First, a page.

What is an annulment and why does it exist?

By Patricia Kasten | The Compass | February 19, 2020

ALLOUEZ — While most of us have heard about annulments, and know people who have received them, we don’t really know that much about the process.

For example, some may think an annulment means a once committed relationship never existed. Instead, what an annulment really means is that some important factor did not exist to make this relationship a valid marriage according to canon (Catholic Church) law.

Other people don’t realize that, even if they were married in another faith, they may still need an annulment to get married in the Catholic Church.

“Annulment” is the word we use to refer to what the church calls “a declaration of nullity.” This declaration means that, at the time of the wedding, one or both spouses were not able to enter into a sacramental marriage.

When the Catholic Church declares nullity, it means that a true sacramental marriage never existed. This does not mean the couple did not believe they were married, or that their marriage was “a fake.” It simply means that, while the couple did exchange marital vows, a valid bond of marriage was never formed.

The U.S. Conference of Catholic Bishops explains annulment this way: “A marriage thought to be valid according to church law actually fell short of at least one of the essential elements required for a binding union.”

These elements include both parties being free to marry; consent that was freely exchanged; an intent to marry for life, the intent to be faithful; the intent to be open to children; and consent made before at least two witnesses.

When a person seeks an annulment, he or she often approaches their parish priest, who explains the process. Usually, a civil divorce must have taken place first, which indicates there is no hope of reconciliation.

The person making the request is called the petitioner; the former spouse is the respondent. The respondent has the right to be involved in the process from beginning to end.

The process to determine nullity is a canonical trial. In other words, this is a court case in a church court, governed by the law of the church (canon law).

Once a petition is received, a field advocate and a defender of the bond are assigned to the case. A field advocate assists the petitioner and respondent in gathering information for the diocesan marriage tribunal. The defender of the bond, assigned to “protect the marriage bond,” reviews the case’s materials. He presents any significant reasons in favor of a valid marriage and against a declaration of nullity. Expert witnesses (each called a peritus) may be consulted.

All this information is reviewed by the marriage tribunal, which is headed by a priest — the judicial vicar — trained in canon law. A declaration of nullity is made by the diocesan marriage tribunal.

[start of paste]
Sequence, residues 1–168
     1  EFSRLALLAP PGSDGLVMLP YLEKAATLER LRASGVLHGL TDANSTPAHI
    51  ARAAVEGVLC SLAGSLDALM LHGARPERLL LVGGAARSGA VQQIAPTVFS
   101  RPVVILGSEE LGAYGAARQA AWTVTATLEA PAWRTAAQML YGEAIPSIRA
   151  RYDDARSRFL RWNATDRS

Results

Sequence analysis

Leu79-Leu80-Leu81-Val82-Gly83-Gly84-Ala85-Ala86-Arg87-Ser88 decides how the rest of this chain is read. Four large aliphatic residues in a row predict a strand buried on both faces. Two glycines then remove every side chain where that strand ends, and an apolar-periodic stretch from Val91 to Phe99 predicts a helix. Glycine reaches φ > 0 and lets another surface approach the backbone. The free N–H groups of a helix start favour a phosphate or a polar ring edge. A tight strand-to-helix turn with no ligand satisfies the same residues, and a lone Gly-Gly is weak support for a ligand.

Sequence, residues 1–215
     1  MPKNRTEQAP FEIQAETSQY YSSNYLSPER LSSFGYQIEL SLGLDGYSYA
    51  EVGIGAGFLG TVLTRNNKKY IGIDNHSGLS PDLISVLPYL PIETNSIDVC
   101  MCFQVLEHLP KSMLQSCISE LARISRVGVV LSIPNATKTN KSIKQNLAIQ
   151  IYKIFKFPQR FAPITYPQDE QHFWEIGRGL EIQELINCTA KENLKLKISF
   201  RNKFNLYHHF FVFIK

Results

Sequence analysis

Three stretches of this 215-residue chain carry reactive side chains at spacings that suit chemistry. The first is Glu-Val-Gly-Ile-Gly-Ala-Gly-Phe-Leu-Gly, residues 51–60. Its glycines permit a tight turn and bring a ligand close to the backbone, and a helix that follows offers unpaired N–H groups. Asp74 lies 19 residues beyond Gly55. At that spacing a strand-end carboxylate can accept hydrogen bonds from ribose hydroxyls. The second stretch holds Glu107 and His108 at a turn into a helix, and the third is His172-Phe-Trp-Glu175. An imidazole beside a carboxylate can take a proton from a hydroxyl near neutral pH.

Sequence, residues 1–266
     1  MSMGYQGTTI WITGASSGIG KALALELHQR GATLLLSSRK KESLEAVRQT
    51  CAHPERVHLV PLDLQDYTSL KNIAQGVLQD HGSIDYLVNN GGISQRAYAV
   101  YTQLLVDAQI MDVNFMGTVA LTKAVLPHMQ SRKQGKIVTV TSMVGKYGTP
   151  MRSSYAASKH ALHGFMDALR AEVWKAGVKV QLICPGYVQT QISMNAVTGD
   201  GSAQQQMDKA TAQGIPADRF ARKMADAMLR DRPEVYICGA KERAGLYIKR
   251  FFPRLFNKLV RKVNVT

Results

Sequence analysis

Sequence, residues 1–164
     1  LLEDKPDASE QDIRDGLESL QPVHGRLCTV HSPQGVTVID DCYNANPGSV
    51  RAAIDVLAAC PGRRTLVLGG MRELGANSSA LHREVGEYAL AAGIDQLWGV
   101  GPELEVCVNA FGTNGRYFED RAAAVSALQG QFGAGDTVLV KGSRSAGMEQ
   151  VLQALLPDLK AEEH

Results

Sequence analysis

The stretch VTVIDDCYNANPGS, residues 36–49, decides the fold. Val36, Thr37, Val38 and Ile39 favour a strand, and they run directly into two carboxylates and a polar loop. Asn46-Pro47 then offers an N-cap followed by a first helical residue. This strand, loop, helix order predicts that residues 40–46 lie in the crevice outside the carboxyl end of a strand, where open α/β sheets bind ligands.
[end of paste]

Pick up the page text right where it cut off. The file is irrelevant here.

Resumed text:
Not all requests for annulment are granted. The decision of the tribunal can be appealed to the Archdiocese of Milwaukee or the Roman Rota by either party or defender of the bond.

These are the basics of the annulment process in the Catholic Church. Since it is a complex issue and often misunderstood, The Compass decided to ask both the judicial vicar of the diocesan Marriage Tribunal, Fr. Brian Belongia, and several field advocates for the tribunal about the questions they often hear about annulment.

The most commonly heard misconceptions by those who work in the marriage tribunal will be explored in subsequent parts of this series. These include:

  • An annulment is too expensive
    Fr. Brian Belongia, judicial vicar explains that: “The diocese of Green Bay asks the petitioner to offer $350 to assist with administrative costs. The entire process for one annulment can cost over $1,100 to complete. The diocese asks the $350 in charity and does not reject petitions for a lack of payment.” (The remaining costs, above $350, are absorbed by the diocese.)
  • If I get an annulment, my children will become illegitimate.
    Fr. Robert Kabat, a diocesan field advocate and former judicial vicar, explains that an “annulment has nothing to do with the status of children — that is a civil matter. The children were born in and with love. The annulment is not to harm any children, but hopefully bring healing to all involved in the marriage, including the children.”
  • Why does my ex have to be involved? He/she won’t cooperate.
    “Former spouses don’t have to participate,” noted Norbertine Fr. Tim Shillcox, also a field advocate. “They have to be invited to participate, since the annulment is a statement about the union of two persons. But they don’t have to participate.”
  • I can’t receive the sacraments because I am divorced.
    “On its face, this statement is not true,” said Deacon Mike Eash, a field advocate from Appleton. “A Catholic who is divorced is able to receive all of the church’s sacraments. If, however, they remarry before having the previous marriage annulled, then they are to refrain from the sacraments because they are in a state of persistent error in their current marriage.”

Editor’s note: First in a four-part series.

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